10 changes to improve the Yas Marina circuit

The Abu Dhabi Grand Prix circuit is probably my least favourite track on the Formula 1 calendar. Apart from probably the first four corners, there are no interesting points on the track from a racer’s point of view. On top of that, the concept behind the Grand Prix is something I oppose massively: the day to night transition, the marina, Ferrari World and of course the Yas hotel – it’s all shiny and gorgeous, all to create the impression that the city is just as magical as the Grand Prix would be if the track would have been interesting in any way.


The tragedy of the circuit is: the track could be so much better if the smallest of changes would be applied. In this article, I will propose ten changes that would make the track better in my opinion. All of these changes can be implemented relatively easily, as most of them require nothing more than replacing some highly unnatural grass with tarmac.

Turns 5-7

After the great turns 1 through 4 comes the combination of turns 5 and 7: the slowest part of the track. The ‘slow turn followed by a long straight followed by a slow turn’ concept has proven time and time again that it doesn’t really encourage overtaking – just ask Fernando Alonso. The usual solution in Formula 1 for this problem is to have a very long DRS-zone, which indeed increases the amount of overtakes, but usually most of them are as interesting as Kimi Räikkönen saying he doesn’t know. So turns 5-7 need to be replaced by something a bit faster to encourage overtaking into turn 8.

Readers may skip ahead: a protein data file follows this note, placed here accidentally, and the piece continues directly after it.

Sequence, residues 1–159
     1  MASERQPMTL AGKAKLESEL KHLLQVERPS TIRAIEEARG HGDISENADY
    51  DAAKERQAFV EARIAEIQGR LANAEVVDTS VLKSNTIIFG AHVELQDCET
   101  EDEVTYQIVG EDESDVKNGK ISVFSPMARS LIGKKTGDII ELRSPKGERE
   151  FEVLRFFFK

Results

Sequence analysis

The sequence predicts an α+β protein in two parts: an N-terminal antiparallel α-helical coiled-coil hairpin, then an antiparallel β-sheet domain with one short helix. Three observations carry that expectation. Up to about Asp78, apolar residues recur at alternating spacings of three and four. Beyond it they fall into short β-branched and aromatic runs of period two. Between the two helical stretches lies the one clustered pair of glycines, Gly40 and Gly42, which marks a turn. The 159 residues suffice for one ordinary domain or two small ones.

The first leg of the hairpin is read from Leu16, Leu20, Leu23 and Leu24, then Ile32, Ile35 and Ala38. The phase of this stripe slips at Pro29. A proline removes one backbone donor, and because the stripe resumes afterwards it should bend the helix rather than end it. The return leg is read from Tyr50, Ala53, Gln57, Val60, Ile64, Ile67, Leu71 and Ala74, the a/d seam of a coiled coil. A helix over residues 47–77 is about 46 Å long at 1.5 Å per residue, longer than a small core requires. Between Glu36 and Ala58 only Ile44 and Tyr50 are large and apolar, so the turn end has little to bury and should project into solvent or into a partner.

The simplest solution is to leave turn 5 intact and create a left-hand corner 5* that opens onto the straight. Not only will this be more challenging for the drivers, this should increase the number of overtakes into turn 8.


What we can also do is move corner 5 closer to turn 4, so turn 6* can have a larger radius, which makes the corner sequence faster (and thus more exciting) than the previous idea.


Another possibility is to make turn 5* and 6* into a fast, double apex left-hander (essentially Suzuka’s Spoon curve). The problem though with this and the previous idea is that the grandstand that wraps around turn 7 will need to be rebuild.